Neither the layout of the exhibition, nor the content of paintings and texts cited, make any specific connection between the books Bacon read and the paintings he made during these years, though Bacon sometimes cited books in the titles he gave to his work. Throughout his life, Bacon ostentatiously avoided talking about the content of his paintings, resisted most efforts to connect his work to that of other artists and maintained a studied evasiveness about things like inspiration and source material. This exhibition honors his resistance to interpretation by resisting any interpretive links between the “books and painting” cited in the show’s subtitle. The organizing principle is mere juxtaposition, not argument or analysis.
The result, in the end, is frustration, which carries over to the paintings themselves. There is a thinness to them, a repetition of means and ideas, and a clamoring for effects that all too often falls flat. In many cases, the paint is spread so thinly over the canvas that the painting seems to itch with dryness, and that itch conveys a sense of irritability to the viewer who remembers (perhaps from undergraduate years) the powerful impact of Bacon’s earlier work, in which he seemed to encapsulate the alienation and misery of 20th- century despair and anomie.
In the 1950s, Bacon made paintings that still raise the hairs on the back of your neck, of screaming figures, bodies trapped in hellish spaces, isolated and untethered from the world. He aligned himself with the dismantling of old ideologies, religion and philosophical systems among them, a dismantling that wasn’t limited to entrenched hypocrisies and hierarchies, but became a scorched-earth rejection of values, a volatile mix of hedonism and nihilism. The paintings seemed to encapsulate that, functioning as ready-made symbols for thoughts most people have at some point, before they begin to sort through the wreckage and salvage some sense of purpose.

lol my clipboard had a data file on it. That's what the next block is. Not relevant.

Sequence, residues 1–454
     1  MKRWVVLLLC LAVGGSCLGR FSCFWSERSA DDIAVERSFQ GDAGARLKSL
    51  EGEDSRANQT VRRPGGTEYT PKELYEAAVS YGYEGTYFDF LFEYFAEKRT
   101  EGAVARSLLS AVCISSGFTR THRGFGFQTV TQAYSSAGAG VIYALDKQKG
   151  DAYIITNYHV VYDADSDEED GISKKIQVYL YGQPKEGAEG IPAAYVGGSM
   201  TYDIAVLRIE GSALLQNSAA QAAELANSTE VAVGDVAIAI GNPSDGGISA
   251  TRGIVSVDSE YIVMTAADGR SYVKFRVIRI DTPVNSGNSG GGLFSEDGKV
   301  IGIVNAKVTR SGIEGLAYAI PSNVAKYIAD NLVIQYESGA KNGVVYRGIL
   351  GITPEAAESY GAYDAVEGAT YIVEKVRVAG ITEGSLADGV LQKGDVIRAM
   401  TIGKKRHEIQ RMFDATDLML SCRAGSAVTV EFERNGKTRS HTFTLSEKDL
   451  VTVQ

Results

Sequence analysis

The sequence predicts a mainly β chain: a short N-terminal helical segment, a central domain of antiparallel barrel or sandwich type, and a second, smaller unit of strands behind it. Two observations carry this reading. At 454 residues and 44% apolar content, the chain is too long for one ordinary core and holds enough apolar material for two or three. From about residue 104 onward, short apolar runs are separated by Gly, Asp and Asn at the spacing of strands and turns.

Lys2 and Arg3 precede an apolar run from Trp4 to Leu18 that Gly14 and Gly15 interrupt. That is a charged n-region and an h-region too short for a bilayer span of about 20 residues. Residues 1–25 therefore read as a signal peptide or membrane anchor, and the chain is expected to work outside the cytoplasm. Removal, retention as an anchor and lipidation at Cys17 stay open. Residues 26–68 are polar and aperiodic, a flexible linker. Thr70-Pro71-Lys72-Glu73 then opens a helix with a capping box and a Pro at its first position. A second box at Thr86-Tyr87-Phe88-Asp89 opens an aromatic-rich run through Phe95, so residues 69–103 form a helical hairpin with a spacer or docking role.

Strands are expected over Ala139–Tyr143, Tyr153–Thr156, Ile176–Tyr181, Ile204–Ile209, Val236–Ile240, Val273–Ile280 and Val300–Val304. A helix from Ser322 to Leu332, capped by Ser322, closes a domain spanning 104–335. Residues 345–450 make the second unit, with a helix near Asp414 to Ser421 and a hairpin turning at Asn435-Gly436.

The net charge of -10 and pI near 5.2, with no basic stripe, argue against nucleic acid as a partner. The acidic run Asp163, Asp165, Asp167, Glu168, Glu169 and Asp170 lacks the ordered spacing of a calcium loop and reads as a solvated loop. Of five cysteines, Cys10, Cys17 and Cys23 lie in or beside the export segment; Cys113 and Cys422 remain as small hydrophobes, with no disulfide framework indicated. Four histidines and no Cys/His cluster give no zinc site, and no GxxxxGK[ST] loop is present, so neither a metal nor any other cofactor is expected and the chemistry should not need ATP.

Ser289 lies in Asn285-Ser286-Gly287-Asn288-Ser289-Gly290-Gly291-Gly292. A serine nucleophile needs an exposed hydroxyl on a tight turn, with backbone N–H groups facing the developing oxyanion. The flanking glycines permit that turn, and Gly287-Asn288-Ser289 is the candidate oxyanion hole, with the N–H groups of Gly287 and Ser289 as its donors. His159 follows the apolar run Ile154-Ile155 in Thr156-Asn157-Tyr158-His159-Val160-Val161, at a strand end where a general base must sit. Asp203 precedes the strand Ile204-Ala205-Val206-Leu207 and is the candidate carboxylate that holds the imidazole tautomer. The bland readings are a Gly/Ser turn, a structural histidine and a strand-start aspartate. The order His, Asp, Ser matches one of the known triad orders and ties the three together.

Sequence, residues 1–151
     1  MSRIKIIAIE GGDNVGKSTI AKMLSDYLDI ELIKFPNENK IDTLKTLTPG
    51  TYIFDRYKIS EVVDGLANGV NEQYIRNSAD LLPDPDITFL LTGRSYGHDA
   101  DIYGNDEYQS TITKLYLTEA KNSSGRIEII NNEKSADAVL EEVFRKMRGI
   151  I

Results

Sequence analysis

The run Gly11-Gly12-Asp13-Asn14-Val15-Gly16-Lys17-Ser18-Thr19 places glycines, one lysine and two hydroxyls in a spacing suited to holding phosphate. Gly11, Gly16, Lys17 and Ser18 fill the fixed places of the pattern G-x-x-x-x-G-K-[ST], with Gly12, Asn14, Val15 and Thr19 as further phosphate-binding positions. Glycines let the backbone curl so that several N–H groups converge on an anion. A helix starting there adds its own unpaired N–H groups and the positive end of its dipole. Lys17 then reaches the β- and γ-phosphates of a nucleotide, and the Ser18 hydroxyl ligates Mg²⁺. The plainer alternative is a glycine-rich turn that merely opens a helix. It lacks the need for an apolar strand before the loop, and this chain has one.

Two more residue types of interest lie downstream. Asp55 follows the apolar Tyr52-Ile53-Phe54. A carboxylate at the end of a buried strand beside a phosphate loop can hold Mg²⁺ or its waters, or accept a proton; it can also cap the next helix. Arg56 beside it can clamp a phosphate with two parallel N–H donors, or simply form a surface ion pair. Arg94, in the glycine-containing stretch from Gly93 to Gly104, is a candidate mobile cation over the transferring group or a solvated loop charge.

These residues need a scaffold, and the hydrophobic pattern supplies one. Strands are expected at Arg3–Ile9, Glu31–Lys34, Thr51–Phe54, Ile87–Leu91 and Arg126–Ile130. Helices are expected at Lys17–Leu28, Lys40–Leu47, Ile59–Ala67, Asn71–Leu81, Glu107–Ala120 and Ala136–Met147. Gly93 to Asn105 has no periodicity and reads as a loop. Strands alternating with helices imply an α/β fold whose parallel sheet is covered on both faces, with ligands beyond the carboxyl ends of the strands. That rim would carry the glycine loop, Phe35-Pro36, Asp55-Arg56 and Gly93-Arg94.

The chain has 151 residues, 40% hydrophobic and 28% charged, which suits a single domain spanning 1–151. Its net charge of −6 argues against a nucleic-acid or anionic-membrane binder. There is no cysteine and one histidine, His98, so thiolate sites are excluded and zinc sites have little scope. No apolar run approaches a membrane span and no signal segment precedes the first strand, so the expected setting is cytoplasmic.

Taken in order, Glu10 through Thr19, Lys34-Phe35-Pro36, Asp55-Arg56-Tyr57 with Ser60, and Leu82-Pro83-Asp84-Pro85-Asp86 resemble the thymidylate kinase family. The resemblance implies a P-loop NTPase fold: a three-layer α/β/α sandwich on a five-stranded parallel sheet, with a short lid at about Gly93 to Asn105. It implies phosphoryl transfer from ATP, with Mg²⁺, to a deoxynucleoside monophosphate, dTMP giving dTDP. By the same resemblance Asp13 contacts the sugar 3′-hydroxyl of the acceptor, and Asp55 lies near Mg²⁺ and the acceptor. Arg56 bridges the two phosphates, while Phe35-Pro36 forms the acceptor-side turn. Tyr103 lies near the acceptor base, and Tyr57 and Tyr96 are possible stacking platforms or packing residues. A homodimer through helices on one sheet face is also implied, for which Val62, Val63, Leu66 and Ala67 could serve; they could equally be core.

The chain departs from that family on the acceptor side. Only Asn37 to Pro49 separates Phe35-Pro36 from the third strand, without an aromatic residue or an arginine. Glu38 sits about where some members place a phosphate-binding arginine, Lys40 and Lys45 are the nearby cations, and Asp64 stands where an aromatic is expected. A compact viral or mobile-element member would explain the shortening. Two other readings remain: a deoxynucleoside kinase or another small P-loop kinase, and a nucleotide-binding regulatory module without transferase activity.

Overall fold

The late work, by contrast, feels simply tired, which is no surprise. What Bacon began to do in the 1940s wasn’t sustainable, but he didn’t seem to have any other options, no new insights, no avenues to replenishing wellsprings. It’s possible to read Eliot’s “The Waste Land” when all of life is before you, and think there is some mystical space in its vagaries, that there is a kind of existence to be explored in the lines “I was neither/Living nor dead, and I knew nothing/Looking into the heart of light, the silence.” And it also possible to read that line decades later and recognize merely a trope for a certain dullness of thought spirit that gathers over time if we make no serious efforts to refurbish our minds.
One unwanted effect of juxtaposing Bacon’s books and his paintings is to suggest how shopworn they both were by the last decades of his life. He began as a rebel and ended a roue, spent and spinning his wheels. That conclusion is simplistic and reductionist, of course, but no more so than the ideas foregrounded in the exhibition.
For a foreign visitor, the show accidentally confirms nagging thoughts about Bacon: that he was well-versed in the rudiments of some once fashionable ideas, just as he was highly skilled at conveying a small subset of human emotions, again and again. It’s hard to say which is better, an American-style exhibition that would suggest he had no thoughts at all, or the French style, which suggests he was merely conversant rather than genuinely engaged with ideas.
“Bacon: Books and Paintings” is on view at the Centre Pompidou in Paris through Jan. 20. For more information visit www.centrepompidou.fr.